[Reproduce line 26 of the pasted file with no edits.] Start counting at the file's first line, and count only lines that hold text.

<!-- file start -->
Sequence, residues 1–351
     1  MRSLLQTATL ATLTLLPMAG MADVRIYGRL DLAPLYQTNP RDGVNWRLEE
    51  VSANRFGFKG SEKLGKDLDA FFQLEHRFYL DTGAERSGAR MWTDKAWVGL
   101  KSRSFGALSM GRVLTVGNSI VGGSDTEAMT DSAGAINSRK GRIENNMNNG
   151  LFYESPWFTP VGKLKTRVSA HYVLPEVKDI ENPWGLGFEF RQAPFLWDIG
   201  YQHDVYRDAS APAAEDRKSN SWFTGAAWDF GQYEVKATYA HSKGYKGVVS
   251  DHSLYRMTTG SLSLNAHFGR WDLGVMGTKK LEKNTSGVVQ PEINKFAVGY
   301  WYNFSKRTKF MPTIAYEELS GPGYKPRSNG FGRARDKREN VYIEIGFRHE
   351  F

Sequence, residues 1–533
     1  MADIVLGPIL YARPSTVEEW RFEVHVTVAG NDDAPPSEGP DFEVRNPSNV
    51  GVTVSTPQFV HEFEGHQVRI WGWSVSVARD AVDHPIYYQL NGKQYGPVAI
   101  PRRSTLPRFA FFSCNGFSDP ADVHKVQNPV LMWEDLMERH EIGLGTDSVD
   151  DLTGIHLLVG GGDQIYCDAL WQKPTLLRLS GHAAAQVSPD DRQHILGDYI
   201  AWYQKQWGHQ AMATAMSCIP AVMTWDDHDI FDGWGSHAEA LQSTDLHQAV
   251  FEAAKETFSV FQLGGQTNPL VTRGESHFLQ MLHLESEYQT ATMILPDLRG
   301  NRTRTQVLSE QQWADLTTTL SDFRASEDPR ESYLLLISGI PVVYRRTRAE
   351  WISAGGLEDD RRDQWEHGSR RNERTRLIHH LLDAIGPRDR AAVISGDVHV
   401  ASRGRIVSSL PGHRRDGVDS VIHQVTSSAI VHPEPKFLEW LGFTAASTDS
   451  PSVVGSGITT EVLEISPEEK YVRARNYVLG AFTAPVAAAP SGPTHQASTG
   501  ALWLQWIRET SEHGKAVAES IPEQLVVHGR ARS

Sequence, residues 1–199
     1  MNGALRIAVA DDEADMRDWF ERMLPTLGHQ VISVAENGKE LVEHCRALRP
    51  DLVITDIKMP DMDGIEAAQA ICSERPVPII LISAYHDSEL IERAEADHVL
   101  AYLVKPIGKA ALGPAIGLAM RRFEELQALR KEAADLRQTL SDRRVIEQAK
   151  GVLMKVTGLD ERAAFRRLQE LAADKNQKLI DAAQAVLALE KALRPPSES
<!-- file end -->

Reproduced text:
   151  GVLMKVTGLD ERAAFRRLQE LAADKNQKLI DAAQAVLALE KALRPPSES